Clearly, there is a profound misunderstanding about the nature of mental illness and the hope that with money and fame you shouldn’t be depressed…if anything, you should be the healthiest person around. Depression is an illness that descends upon people irrespective of whether they are funny, as Williams was, or successful or beautiful or any other adjective that describes the people we know.

You and I too, could be depressed.

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As a journalist, I have discovered that reporting on deaths, accidents, and suicide is difficult as it is necessary.

And I may not admit it but at times, stories that I do get into me. They change my mood, they make me question so  much I have known about humanity and a lot more. As journalists, we are told not to be attached to a story, to our sources etc. But, this is not possible. It is a constant juggle of thoughts and when I get back home, I try to block these things out, I try to talk about them with my family and friends and try to move on. But, it is not easy.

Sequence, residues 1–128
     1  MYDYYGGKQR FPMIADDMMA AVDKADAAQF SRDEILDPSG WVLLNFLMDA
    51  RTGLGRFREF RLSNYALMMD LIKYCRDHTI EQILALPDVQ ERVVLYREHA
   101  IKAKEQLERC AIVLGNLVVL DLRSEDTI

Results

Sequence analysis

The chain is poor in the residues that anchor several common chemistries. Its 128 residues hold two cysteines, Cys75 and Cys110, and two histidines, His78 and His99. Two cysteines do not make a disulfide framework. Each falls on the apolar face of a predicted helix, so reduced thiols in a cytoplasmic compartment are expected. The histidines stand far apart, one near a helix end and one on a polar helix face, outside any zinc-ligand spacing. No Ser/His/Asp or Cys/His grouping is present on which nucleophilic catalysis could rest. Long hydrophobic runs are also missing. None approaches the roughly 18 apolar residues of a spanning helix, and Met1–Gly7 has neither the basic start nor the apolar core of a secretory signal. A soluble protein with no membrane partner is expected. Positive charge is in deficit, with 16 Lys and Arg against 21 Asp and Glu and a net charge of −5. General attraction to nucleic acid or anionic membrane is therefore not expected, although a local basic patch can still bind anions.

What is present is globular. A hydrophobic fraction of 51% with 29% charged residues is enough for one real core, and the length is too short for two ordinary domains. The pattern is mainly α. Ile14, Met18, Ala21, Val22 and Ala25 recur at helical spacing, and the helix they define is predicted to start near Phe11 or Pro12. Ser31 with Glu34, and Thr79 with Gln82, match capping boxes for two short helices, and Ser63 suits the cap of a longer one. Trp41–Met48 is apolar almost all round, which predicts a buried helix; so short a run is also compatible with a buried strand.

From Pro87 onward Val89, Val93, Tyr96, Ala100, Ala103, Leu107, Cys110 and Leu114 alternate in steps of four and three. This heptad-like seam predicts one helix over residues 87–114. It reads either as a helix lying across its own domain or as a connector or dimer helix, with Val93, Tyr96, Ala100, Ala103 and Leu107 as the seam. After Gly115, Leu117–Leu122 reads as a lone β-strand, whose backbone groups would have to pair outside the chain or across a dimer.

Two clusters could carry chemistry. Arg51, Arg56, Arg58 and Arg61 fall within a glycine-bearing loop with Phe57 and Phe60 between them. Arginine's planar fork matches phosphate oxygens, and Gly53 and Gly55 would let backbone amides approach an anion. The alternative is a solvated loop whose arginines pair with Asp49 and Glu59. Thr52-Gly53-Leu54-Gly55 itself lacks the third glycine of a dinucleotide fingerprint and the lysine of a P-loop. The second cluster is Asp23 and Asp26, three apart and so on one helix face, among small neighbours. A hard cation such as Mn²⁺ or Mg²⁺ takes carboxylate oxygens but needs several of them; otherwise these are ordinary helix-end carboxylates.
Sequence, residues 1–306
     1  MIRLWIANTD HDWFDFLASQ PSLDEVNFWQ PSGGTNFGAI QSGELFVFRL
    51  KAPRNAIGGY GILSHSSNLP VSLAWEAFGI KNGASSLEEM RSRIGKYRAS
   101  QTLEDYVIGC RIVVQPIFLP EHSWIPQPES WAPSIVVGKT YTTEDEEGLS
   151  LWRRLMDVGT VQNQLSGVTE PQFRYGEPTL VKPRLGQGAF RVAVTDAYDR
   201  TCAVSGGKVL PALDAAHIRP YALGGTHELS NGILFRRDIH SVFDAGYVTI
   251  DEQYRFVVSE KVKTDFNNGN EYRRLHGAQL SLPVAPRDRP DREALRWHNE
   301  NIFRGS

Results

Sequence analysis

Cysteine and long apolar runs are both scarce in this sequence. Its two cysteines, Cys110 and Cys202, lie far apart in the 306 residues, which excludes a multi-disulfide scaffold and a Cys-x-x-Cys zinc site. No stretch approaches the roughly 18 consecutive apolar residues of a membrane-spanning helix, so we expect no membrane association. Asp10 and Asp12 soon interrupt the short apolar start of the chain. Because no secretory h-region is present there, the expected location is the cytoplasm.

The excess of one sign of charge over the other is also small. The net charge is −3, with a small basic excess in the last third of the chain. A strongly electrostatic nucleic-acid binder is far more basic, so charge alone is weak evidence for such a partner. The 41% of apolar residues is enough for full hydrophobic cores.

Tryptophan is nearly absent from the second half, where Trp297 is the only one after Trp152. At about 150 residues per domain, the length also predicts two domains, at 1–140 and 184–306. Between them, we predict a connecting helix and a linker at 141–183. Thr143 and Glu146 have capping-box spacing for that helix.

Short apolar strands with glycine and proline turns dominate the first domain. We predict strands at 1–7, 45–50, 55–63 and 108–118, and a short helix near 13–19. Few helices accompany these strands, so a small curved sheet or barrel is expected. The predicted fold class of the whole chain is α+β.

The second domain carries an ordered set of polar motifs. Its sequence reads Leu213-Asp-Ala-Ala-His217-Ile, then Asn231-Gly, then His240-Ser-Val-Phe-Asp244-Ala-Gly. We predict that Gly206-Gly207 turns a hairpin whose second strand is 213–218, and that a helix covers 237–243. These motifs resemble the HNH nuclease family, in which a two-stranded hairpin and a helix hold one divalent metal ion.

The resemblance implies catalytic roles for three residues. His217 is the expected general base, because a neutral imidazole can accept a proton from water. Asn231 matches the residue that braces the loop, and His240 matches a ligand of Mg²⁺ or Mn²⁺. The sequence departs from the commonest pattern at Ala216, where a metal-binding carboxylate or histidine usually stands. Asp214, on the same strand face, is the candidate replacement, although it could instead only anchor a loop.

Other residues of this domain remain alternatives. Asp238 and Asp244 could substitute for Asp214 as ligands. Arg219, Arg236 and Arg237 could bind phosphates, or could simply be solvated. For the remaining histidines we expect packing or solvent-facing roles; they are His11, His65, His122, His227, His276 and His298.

Writing about suicide is a matter that unless it involves a prominent person, it is something that is discussed as a by-the-way matter. Barely would people be interested to do a follow up of the cause of suicides around them mainly because of the trauma, shame and lack of information on the issue.

Depression and suicide are the shadows that lurk around us every day, they are constant battles that our brains are pushing hard to keep at bay so that we do not crumble and give up and die out. A constant battle.

Even UN Secretary-General Ban Ki-moon knows this too well. He is urging governments to invest in and support young people with mental health conditions. This comes as about 20 per cent of the world’s young people (about 280 million) experience a mental health condition each year according to a UN report.